The RX8 does what a gravel bike does. It takes what was a road thing, for smooth paved surfaces, and it makes it into a rough road, dirt road thing. Gravel riding is not mountain biking, (despite the cross-over at some points), and the demands of road riding are a bit closer related to what we do on gravel “roads” than what people need to have for single track. Therefore; it is my opinion that a slightly modified road shoe is what will do the job best, and Shimano has knocked it out of the park with the RX8
Anyone with a love for the classic ‘feel of steel’ will be delighted with the ride quality and feel of the Ritte Satyr. It accelerates quickly, with steel’s characteristic liveliness under heavy pedaling. It feels alive in a way that few carbon frames do.
Without a doubt, one of the hottest stories of 2019 in the gravel world is the introduction of Shimano GRX. Today, we’ll share Guitar Ted’s impressions of the 1x GRX group he’s running on his Noble GX5, and I’ll give my thoughts on the 2x mechanical and Di2 versions of the group.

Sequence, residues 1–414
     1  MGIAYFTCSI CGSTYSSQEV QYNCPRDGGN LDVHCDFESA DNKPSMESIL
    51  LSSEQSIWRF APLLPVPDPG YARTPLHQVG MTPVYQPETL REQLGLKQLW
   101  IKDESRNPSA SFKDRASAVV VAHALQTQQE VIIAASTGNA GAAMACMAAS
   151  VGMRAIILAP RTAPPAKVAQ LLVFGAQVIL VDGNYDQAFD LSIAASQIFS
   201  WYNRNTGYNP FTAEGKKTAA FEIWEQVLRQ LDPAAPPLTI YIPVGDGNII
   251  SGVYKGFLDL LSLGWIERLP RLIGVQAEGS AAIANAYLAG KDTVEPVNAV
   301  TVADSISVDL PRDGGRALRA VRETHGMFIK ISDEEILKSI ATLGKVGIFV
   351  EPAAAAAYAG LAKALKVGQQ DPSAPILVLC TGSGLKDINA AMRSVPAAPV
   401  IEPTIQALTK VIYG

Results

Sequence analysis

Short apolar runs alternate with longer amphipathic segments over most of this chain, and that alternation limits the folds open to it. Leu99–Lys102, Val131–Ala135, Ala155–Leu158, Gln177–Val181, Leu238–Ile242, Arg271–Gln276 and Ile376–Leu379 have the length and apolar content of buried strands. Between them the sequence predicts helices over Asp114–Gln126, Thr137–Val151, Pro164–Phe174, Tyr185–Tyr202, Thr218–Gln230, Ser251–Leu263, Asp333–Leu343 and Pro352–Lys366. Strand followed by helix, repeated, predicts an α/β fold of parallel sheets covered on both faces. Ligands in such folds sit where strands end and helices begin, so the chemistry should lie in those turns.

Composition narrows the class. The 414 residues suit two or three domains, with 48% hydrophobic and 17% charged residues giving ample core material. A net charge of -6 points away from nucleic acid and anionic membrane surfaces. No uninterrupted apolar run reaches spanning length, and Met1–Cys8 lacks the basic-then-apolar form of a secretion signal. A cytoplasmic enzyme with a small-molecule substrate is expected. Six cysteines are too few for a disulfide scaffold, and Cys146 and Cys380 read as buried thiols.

With its massive 30 degree flare and 35 degrees of sweep, the new Discover Big Flare handlebar from PRO Bike Gear is one of the more radical gravel drop bars available today. Guitar Ted and I received early samples for testing, and here are our impressions of the bar after two months of riding.
We’ve been talking about Shimano’s new GRX components for nearly five months now. Back in September, we introduced you to our review of the GRX 800 mechanical (2x) group. Now, it’s time to give you the first installment of our GRX Di2 groupset review, which we have installed on our 2020 GT Grade Carbon Pro test bike.
As is often said, the best apparel and components simply “disappear” while riding, leaving you to enjoy the ride. The RX8 shoes from Shimano are the definition of such an apparel item. While either walking a gnarly, muddy dirt road or riding up and down hill and vale, the RX8 just got out of my way and let me do my thing.